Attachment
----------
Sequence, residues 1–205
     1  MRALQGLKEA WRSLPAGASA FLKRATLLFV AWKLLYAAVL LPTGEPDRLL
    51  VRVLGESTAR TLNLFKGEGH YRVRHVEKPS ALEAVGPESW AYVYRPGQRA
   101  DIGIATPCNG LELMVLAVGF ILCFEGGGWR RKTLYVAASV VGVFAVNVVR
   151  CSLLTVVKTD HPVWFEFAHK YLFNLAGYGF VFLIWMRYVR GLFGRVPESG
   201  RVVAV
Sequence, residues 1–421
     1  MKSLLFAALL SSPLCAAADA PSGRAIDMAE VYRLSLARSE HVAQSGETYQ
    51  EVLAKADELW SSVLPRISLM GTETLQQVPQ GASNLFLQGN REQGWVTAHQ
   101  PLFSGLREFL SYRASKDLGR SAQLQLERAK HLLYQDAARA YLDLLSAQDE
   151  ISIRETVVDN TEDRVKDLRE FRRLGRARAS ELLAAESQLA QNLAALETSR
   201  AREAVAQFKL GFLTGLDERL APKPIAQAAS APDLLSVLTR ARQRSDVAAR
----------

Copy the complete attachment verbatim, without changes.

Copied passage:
Sequence, residues 1–205
     1  MRALQGLKEA WRSLPAGASA FLKRATLLFV AWKLLYAAVL LPTGEPDRLL
    51  VRVLGESTAR TLNLFKGEGH YRVRHVEKPS ALEAVGPESW AYVYRPGQRA
   101  DIGIATPCNG LELMVLAVGF ILCFEGGGWR RKTLYVAASV VGVFAVNVVR
   151  CSLLTVVKTD HPVWFEFAHK YLFNLAGYGF VFLIWMRYVR GLFGRVPESG
   201  RVVAV
Sequence, residues 1–421
     1  MKSLLFAALL SSPLCAAADA PSGRAIDMAE VYRLSLARSE HVAQSGETYQ
    51  EVLAKADELW SSVLPRISLM GTETLQQVPQ GASNLFLQGN REQGWVTAHQ
   101  PLFSGLREFL SYRASKDLGR SAQLQLERAK HLLYQDAARA YLDLLSAQDE
   151  ISIRETVVDN TEDRVKDLRE FRRLGRARAS ELLAAESQLA QNLAALETSR
   201  AREAVAQFKL GFLTGLDERL APKPIAQAAS APDLLSVLTR ARQRSDVAAR